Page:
Claims of excessive force in violation of the Eighth Amendment, have two components — "one subjective, focusing on the defendant's motive for his conduct, and the other objective, focusing on the conduct's effect." Wright v. Goord, 554 F.3d 255, 268 (2d Cir. 2009). To satisfy the first component, the plaintiff must show "that the defendant had the necessary level of culpability, shown by actions characterized by wantonness in light of the particular circumstances surrounding the challenged conduct." Id. (internal quotation marks and citation omitted). Wantoness "turns on `whether force was applied in a good-faith effort to maintain or restore discipline, or maliciously and sadistically to cause harm.'" Id. (quoting Hudson v. McMillan, 503 U.S. 1, 7 (1992)). The objective inquiry, on the other hand, focuses on "the nature of the force — specifically, whether it was nontrivial and `was applied . . . maliciously and sadistically to cause harm.'" Wilkins v. Gaddy, 559 U.S. 34, 39 (2010) (quoting Hudson, 503 U.S. at 7). Thus, the severity of the injuries ultimately inflicted is not dispositive. See id. At the same time, "de minimis uses of forces are `necessarily exclude[d] from constitutional recognition.'" Hogan v. Fischer, 738 F.3d 509, 515 (2d Cir. 2013) (quoting Wilkins, 559 U.S. at 37)).
Here, Phelan seemingly concedes that he suffered no "lasting physical injury," (Dkt. No. 141 at 13); indeed the record is devoid of any competent evidence to demonstrate that Phelan suffered anything other than some soreness. (Defs.' SMF ¶¶ 51-53.) He instead focuses on the circumstances under which Michael allegedly slapped him with an open hand "two or three" times. (Id. at 14.) The conduct alleged here — two or three open-handed slaps that caused no lasting injury — falls short of the objective component of an Eighth Amendment excessive force claim. See Wright, 554 F.3d at 269; Jones v. Goord, No. 05-CV-0182A, 2008 WL 904895, at *4 (W.D.N.Y. Mar. 31, 2008) (finding an open-handed slap to be "considered a de minimis use of force, especially in light of" the lack of any lasting injury); see also Hogan v. Fischer, No. 09-CV-6225, 2012 WL 4845609, at *5 (W.D.N.Y. Oct. 10, 2012) (citing Jones favorably and reaching the same conclusion in case where "a `light slap'" was alleged), vacated in part on other grounds, 738 F.3d 509 (2d Cir. 2013). Accordingly, defendants are entitled to summary judgment on Phelan's excessive force claim.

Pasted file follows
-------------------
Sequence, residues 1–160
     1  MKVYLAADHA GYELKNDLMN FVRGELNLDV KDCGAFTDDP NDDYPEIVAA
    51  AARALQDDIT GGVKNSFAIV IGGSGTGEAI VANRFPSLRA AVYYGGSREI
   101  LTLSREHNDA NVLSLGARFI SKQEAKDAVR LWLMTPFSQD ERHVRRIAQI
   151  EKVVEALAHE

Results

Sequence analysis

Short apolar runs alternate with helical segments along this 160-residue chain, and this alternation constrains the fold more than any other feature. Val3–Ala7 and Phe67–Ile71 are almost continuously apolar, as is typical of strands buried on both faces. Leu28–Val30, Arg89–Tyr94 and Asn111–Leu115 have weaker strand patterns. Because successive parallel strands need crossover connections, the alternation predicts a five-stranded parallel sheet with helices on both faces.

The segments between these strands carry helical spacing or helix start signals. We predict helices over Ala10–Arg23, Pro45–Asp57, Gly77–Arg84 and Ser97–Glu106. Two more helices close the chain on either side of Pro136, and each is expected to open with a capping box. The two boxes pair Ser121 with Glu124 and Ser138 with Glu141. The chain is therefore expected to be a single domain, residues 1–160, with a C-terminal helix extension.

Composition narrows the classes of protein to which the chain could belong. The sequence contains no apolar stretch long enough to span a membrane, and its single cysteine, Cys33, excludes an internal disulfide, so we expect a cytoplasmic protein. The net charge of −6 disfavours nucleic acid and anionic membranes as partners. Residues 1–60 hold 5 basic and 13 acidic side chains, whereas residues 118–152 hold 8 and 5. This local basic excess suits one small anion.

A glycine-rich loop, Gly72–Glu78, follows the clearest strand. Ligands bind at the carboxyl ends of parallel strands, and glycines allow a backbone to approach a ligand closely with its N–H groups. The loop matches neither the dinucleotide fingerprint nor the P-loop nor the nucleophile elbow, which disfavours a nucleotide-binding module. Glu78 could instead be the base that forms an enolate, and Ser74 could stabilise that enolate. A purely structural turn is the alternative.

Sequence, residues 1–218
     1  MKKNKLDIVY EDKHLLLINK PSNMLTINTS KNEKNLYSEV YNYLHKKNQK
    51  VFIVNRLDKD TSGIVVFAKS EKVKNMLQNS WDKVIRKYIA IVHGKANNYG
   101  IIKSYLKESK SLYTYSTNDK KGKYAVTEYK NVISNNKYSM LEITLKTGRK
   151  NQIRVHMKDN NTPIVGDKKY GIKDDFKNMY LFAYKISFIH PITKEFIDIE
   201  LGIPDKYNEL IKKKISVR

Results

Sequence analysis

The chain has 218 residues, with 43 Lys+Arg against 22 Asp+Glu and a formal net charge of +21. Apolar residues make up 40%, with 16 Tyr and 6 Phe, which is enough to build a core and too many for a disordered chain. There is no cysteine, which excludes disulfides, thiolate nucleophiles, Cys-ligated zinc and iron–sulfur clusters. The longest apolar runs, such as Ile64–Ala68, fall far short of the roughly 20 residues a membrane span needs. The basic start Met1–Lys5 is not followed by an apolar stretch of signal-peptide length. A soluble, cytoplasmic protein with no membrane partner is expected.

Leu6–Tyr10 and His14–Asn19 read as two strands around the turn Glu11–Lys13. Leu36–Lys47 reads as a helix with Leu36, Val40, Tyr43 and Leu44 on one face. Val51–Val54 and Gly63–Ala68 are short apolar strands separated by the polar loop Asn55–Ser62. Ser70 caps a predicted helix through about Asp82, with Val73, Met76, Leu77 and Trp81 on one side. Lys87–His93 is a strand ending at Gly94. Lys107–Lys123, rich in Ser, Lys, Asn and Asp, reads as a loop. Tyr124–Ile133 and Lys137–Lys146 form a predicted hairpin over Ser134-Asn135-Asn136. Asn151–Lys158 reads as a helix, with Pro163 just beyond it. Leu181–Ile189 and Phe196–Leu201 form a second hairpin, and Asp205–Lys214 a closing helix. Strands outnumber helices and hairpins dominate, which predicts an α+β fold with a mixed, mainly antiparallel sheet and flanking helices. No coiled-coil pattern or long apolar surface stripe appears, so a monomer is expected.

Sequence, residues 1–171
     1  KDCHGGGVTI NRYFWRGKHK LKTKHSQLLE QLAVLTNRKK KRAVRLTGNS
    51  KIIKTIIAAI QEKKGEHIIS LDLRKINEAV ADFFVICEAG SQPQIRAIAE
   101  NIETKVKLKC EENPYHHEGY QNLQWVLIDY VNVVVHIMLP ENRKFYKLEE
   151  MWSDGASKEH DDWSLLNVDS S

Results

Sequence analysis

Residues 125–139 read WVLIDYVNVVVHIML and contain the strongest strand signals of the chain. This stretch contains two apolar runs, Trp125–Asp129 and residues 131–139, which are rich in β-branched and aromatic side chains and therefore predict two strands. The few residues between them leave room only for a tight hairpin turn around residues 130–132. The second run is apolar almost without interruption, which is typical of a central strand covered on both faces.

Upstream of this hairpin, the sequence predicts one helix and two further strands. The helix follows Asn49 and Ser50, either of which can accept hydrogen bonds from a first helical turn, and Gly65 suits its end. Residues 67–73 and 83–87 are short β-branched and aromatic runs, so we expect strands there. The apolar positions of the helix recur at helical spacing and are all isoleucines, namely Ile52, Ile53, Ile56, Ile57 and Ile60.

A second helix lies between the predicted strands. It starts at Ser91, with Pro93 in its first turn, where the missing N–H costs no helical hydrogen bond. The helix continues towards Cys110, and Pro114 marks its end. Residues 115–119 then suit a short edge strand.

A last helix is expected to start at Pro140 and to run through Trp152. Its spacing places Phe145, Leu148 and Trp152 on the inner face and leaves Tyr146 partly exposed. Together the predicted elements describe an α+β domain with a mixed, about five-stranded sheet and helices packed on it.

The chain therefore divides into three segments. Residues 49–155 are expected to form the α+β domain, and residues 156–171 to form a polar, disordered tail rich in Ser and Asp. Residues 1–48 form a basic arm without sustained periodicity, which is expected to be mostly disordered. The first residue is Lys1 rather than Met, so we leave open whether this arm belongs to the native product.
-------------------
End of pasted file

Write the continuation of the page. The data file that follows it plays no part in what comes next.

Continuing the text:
ADA Title II Claim